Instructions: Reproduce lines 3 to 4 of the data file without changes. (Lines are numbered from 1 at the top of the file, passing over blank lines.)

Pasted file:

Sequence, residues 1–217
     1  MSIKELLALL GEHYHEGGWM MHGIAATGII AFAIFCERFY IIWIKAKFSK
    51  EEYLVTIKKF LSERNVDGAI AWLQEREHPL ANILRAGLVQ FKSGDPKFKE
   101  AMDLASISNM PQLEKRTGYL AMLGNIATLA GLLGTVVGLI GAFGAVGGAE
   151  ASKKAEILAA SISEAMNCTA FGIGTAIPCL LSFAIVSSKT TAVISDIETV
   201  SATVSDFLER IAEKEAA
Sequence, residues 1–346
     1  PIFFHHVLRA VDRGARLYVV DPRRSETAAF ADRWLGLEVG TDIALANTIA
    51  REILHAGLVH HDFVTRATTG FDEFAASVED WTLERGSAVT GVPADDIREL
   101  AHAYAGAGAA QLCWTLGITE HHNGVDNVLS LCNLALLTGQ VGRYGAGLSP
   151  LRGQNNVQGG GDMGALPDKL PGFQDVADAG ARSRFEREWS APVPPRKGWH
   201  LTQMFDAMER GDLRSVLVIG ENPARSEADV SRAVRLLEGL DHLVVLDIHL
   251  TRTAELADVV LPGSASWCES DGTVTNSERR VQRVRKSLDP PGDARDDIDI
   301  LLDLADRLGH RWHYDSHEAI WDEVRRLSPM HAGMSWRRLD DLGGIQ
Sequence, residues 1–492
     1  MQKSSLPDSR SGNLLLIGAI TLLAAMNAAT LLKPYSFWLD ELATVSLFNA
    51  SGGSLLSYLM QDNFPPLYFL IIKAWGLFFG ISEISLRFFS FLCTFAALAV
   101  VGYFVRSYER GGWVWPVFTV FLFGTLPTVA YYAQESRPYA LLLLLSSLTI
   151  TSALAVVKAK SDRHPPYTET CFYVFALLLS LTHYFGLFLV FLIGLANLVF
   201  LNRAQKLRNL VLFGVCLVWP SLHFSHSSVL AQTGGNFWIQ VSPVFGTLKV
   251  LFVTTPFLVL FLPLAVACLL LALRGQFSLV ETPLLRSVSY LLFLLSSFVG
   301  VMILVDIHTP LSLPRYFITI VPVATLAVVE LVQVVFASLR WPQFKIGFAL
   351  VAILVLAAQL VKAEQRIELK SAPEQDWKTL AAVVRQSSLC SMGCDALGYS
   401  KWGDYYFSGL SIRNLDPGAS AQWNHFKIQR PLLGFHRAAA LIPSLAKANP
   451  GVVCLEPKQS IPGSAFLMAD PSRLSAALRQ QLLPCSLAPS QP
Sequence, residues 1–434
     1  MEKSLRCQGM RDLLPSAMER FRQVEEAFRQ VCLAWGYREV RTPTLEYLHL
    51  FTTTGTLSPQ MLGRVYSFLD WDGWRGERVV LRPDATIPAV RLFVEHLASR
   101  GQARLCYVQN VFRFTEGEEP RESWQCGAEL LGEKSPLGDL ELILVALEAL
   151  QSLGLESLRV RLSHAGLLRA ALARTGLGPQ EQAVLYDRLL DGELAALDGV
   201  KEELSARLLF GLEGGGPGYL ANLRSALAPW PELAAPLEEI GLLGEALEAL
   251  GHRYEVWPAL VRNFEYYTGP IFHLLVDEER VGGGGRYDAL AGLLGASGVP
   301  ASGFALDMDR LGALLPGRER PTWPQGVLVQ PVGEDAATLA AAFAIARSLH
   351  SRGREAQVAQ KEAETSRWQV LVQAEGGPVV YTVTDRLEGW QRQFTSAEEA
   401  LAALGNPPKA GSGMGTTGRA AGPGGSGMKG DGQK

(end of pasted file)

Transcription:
    51  EEYLVTIKKF LSERNVDGAI AWLQEREHPL ANILRAGLVQ FKSGDPKFKE
   101  AMDLASISNM PQLEKRTGYL AMLGNIATLA GLLGTVVGLI GAFGAVGGAE